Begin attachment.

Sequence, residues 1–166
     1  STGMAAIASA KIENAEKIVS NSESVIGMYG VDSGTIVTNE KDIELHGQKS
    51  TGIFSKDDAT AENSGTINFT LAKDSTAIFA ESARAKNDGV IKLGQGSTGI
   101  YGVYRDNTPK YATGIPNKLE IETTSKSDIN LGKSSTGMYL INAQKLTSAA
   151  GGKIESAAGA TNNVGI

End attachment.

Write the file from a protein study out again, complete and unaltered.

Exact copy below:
Sequence, residues 1–166
     1  STGMAAIASA KIENAEKIVS NSESVIGMYG VDSGTIVTNE KDIELHGQKS
    51  TGIFSKDDAT AENSGTINFT LAKDSTAIFA ESARAKNDGV IKLGQGSTGI
   101  YGVYRDNTPK YATGIPNKLE IETTSKSDIN LGKSSTGMYL INAQKLTSAA
   151  GGKIESAAGA TNNVGI